"We have always done this thing in such a way that the public always rightfully perceives this as being back-room deals," Ebersole said. "The idea is that none of us -- the public, the council, the bond board -- can explain how the decisions are made."

But City Attorney Wade Hinton, who also represents the IDB, said although the Chamber handles the initial vetting and application process, the county and city mayor make the final deals, and the respective legislative bodies make final approval.

"I think that's where the role of the Chamber is important. We work as a partnership, and the Chamber works to support economic development. But when it comes to the decisions, it's the City Council that has final say," Hinton said.

He added that the city is reviewing its PILOT process, but he would not comment about any details or on whether the mayor's office or City Council would be responsible for any recommended changes. The IDB's charter was created by state law, and the mayor's office is in no way included in the charter.

County Mayor Jim Coppinger doesn't think there's a reason to change anything right now.

Coppinger said county officials are involved in negotiations and the detailed final PILOTs are voted on in public. Further, he said Friday, PILOTS have brought $1.22 billion in capital investment to Hamilton County and helped create 10,205 jobs since he took office in 2011.

"The PILOT agreement is a tool we use to effectively create jobs and have capital investment in our community," he said. "Should every policy be reviewed from time to time? Absolutely. But where we are right now with this, I think it's doing what it's supposed to."

The Chamber and the city and county mayors also use a formula for computing PILOT agreements.

But Harr said it's "not a formulaic kind of thing."

"We do have broad guidelines that we have talked to the city and county about as their agent. ... First, if it's a high number of jobs and high wages, we would be more willing to go further out on an incentive package. Then we look at what needs [the company] would have from the community in terms of infrastructure, and what impacts the project would have on the community," Harr said.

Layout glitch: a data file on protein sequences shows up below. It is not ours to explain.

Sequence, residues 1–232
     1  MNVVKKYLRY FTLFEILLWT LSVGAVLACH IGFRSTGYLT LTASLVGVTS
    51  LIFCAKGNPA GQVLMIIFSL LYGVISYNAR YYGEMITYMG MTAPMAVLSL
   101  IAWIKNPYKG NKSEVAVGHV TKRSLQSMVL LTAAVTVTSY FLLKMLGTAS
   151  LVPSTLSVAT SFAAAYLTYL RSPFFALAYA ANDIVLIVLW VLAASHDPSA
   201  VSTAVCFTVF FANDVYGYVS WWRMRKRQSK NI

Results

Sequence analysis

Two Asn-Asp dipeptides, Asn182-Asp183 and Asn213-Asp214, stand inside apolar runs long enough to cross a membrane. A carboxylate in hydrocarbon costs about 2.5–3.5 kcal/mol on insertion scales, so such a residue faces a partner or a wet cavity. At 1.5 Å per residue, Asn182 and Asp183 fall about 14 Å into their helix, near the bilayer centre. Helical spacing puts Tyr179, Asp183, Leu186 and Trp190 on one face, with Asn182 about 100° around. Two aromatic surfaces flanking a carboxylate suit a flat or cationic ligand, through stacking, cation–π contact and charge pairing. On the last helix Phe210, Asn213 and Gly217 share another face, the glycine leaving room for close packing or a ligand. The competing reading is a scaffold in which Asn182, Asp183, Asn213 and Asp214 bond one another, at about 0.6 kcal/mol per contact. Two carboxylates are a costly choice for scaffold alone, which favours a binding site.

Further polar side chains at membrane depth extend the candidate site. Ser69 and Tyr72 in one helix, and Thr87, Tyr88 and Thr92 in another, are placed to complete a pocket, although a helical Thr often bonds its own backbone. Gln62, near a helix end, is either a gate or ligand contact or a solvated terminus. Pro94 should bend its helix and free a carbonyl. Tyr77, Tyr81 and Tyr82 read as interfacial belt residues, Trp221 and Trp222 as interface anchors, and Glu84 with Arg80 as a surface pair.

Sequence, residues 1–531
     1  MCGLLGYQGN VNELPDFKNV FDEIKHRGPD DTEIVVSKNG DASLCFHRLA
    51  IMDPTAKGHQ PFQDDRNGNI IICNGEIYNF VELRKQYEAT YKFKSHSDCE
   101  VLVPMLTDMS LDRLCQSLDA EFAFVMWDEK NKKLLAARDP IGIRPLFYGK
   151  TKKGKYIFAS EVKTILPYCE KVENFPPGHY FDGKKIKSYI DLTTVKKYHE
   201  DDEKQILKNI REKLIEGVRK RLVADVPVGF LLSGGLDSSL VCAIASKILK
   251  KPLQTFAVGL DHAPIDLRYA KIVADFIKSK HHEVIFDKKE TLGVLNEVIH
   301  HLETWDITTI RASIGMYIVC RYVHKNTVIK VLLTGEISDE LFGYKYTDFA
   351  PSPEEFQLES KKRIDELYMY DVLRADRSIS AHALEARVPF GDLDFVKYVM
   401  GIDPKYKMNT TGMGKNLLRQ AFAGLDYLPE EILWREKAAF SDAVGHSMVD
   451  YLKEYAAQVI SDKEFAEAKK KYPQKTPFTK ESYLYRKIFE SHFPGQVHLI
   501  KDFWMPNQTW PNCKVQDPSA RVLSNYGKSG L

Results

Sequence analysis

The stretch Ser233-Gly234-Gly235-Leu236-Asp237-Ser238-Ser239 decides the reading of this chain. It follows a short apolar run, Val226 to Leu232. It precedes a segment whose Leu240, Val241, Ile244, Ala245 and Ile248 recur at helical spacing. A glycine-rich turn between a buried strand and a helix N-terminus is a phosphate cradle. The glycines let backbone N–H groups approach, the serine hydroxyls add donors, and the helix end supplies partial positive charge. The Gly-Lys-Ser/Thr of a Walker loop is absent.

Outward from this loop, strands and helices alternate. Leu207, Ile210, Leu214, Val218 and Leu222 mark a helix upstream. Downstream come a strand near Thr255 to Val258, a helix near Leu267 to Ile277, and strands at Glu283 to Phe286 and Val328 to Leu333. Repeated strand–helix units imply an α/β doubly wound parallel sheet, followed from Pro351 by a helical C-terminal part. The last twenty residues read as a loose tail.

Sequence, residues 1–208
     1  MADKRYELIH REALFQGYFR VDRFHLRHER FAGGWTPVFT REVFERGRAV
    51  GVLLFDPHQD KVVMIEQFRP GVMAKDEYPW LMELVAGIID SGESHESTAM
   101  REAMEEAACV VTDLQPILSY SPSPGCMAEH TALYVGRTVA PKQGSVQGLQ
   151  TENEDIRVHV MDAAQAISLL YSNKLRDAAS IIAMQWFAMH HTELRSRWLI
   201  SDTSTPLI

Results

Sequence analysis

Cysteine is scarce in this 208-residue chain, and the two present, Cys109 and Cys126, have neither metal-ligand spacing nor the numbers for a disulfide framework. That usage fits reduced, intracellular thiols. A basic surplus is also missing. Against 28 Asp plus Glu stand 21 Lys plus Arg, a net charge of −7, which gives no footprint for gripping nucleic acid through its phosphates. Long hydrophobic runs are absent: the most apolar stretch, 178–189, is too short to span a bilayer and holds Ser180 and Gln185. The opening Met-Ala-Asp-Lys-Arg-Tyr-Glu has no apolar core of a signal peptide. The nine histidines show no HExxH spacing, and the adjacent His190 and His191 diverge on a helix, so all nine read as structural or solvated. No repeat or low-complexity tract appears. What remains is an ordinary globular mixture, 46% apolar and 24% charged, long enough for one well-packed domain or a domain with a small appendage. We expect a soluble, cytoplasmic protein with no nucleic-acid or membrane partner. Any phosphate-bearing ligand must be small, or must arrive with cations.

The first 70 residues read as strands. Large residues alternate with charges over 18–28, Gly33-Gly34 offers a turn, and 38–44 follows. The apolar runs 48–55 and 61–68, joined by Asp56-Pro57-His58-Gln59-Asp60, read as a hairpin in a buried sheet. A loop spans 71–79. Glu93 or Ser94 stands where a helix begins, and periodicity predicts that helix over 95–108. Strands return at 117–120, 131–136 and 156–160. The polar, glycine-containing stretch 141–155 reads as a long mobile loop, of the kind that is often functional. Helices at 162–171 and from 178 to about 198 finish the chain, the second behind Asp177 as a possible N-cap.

And Chattanooga council members say the PILOT process is OK, too. Now that the council has taken full control of IDB appointments, the Chamber can focus on bringing growth to the city, Councilman Chris Anderson said.

Anderson, who chaired the subcommittee that recommended changing the IDB appointment process, says the Chamber does a good job working with the city and county mayors on PILOTs.

"I have not seen where the system is broken, and if I did, I would be the first one to look into fixing it. I think it's worked well as far as I'm concerned," Anderson said.

Council Chairman Chip Henderson said companies negotiating with the city and county should have some degree of confidentiality.

"The negotiations that go on, particularly with a PILOT concerning a company like VW -- some of these companies have to have a certain amount of confidentiality. I guess I'd have to ask, 'Would we have Volkswagen if we did things that way?'" he said.

Harr also said confidentiality during negotiations is important for growth, but he understands the concern from the public.

"Any time you have public dollars involved there's a need for disclosure and transparency but that needs to come at the end where we are down a path with these companies or otherwise we would not be down that path," Harr said.

Making public a matrix of PILOT benchmarks or criteria would undermine the Chamber's ability to negotiate, he said.

"The reason we don't just publish it, then there's no negotiation. If we just put it up on the Web, then a company would just say 'Well, that's what Chattanooga offers.' And I'll add, the PILOT process has been doing pretty well. Otherwise we wouldn't be in the game," Harr said.

Contact staff writer Louie Brogdon at, at @glbrogdoniv on Twitter or at 423-757-6481.